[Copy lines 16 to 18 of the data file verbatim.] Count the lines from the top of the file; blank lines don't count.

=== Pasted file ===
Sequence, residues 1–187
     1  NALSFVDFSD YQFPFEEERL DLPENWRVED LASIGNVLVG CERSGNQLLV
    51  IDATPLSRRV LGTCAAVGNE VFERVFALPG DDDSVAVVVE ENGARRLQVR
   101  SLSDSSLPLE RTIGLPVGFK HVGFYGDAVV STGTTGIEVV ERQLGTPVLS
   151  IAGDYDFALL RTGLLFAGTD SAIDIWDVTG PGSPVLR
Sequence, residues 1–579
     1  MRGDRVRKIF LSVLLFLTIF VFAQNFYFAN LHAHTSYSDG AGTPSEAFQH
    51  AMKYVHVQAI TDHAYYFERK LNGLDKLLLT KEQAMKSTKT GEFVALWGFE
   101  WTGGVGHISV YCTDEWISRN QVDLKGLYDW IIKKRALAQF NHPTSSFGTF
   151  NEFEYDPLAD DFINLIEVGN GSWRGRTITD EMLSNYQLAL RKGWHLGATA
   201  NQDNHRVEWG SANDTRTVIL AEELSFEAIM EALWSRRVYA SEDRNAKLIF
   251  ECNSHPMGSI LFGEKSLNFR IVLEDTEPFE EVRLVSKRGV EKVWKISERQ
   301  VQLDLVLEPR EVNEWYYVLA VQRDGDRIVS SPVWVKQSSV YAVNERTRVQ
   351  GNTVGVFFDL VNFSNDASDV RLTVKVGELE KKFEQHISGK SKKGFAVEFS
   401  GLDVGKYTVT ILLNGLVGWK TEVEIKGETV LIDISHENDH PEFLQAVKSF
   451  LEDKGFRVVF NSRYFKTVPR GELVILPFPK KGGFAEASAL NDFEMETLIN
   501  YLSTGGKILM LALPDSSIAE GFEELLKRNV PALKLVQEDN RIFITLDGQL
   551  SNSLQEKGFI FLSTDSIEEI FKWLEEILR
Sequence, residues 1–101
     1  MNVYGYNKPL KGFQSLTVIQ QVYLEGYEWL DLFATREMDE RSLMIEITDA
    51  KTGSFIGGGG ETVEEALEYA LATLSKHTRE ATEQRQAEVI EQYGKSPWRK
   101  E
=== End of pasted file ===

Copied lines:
   451  LEDKGFRVVF NSRYFKTVPR GELVILPFPK KGGFAEASAL NDFEMETLIN
   501  YLSTGGKILM LALPDSSIAE GFEELLKRNV PALKLVQEDN RIFITLDGQL
   551  SNSLQEKGFI FLSTDSIEEI FKWLEEILR